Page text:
For a genre populated by the dead, zombie lit is alive and well. It’s been this way since 2003 with the release of Brian Keene’s seminal horror novel, THE RISING. With the success of the first season of THE WALKING DEAD last year, its obvious that the genre isn’t showing any signs of slowing down. No one knows the genre like Jonathan Maberry who seems to have quite a relationship with our undead counterparts. Whether as a global threat in the first of his mainstream Joe Ledger thrillers or as the antagonists of the YA ROT & RUIN series, he has shown how versatile they can be. Despite his various, and always exciting, explorations into the world of the undead, he has yet to deliver a traditional, Romero-esque zombie tale. Until now.
DEAD OF NIGHT is Maberry’s love letter to the zombie genre. Reading like the literary equivalent of Zack Snyder’s DAWN OF THE DEAD and the original NIGHT OF THE LIVING DEAD, it follows the citizens of a small Pennsylvania town as they struggle to survive against an army of the dead. What at first glance may appear to be standard fare soon evolves into its own, introducing elements that aren’t so familiar.
One of the things that really sets it apart from others of its kind is Maberry’s approach to the undead. In his vision, the consciousness of the deceased lives on inside the reanimated body, but can only watch in idle horror as his or her body committs heinous acts of murder and cannibalism. To let my guard down a bit, that prospect is terrifying to me. It calls to mind degenerative diseases, or images of hell. Maberry captures it well, but it’s not pretty. Each scene where this is portrayed is a hard read, even for a seasoned horror fan like me.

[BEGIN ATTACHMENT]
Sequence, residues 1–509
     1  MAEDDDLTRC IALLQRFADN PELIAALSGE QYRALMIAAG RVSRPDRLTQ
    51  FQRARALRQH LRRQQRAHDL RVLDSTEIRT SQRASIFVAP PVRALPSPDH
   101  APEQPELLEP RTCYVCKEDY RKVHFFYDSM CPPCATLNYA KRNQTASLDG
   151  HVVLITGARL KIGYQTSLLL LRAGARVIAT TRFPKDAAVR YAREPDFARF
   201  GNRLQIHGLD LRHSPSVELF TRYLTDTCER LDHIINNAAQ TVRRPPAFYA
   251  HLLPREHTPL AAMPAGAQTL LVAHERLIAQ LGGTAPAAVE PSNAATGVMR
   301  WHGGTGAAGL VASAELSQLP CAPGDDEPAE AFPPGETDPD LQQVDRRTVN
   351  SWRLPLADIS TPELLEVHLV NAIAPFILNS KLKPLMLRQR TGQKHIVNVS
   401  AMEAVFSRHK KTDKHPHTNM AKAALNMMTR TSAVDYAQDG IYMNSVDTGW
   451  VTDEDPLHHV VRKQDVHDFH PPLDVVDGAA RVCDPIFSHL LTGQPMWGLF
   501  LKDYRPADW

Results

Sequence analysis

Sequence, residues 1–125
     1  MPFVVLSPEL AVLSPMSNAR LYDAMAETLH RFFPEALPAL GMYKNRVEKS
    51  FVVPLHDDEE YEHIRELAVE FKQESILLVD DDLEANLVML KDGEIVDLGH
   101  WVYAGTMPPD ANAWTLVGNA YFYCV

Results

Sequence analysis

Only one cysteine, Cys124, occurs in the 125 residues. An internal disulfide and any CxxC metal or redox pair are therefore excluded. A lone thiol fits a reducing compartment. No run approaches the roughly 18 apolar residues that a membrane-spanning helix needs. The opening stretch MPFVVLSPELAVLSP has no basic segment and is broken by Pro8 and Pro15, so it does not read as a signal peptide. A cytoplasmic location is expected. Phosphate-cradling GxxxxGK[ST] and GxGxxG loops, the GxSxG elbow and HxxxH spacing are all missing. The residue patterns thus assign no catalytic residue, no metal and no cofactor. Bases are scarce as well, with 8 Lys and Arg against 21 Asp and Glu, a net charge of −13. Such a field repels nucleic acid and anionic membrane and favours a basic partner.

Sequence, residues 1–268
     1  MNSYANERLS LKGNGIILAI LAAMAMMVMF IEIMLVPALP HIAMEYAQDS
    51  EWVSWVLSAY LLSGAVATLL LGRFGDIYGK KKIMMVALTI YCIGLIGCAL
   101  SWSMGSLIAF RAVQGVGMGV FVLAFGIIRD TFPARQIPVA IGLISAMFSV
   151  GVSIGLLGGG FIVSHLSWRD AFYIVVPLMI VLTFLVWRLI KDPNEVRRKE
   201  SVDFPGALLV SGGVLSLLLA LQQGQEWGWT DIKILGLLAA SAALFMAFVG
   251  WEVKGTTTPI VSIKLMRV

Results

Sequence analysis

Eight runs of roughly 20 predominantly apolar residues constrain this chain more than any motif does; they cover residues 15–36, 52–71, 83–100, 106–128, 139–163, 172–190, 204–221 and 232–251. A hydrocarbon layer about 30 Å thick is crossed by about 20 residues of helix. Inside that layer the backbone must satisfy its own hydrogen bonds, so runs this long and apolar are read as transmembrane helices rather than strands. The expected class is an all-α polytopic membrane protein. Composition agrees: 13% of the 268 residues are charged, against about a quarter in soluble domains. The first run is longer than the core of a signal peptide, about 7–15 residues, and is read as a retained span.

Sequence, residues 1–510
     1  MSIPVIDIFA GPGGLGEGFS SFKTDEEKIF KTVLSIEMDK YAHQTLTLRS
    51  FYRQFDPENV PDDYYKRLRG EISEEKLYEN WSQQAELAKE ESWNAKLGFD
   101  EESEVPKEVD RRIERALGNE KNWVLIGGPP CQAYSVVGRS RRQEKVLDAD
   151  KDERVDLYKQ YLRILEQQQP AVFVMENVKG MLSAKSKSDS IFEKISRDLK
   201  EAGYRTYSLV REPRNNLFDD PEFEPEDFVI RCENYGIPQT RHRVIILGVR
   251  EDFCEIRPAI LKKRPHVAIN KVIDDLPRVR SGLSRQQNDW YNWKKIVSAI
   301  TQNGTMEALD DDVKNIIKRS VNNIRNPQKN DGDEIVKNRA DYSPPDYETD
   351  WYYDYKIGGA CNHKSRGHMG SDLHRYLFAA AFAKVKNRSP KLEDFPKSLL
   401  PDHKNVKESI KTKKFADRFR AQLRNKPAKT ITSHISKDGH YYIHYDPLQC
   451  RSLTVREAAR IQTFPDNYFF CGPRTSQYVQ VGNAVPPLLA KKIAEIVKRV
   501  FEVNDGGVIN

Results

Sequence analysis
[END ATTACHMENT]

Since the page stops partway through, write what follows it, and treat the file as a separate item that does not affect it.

Another point that makes it stand out is that it features a more lucid “lead zombie” in the character of serial killer Homer Gibbon. While this has been done before, Maberry offers a satisfying explanation as to why he is different from the other zombies. Gibbon is a wicked character that is bound to stay in readers’ imaginations for a very long time.
Maberry has a lot to offer as a writer, but where he shines the most is his creation of realistic, mulit-faceted, and likeable characters. Dez, the protagonist, is a mean, redneck bitch, but she possesses a strong sense of duty and has a troubling backstory that makes the reader understand her emotional makeup. Providing a contrast to her ultra-conservative views and often mean disposition are her former lover, journalist Billy Trout, and Dez’s partner JT. When each of their storylines collide in the third act, the novel picks up an extra layer of complexity. The last few scenes where they’re trapped in a school surrounded by zombies and the military, trying to survive and protect the children, are sure to get the adrenaline pumping. They also give the impression that the piece carries with it a message about unity and working together, instead of against each other, in the face of a crisis. In Maberry’s worldview, he separates himself from some of the more cynical practitioners of the zombie tale, and implies that we can actually do it.
DEAD OF NIGHT is a damn fun read. It’s got zombies, guns, and a shit-ton of heart. To use an old cliche, I couldn’t put it down, especially the last 75 pages or so when I absolutely HAD to know how it would end. Jonathan Maberry scores again.
DEAD OF NIGHT is in stores October 25th.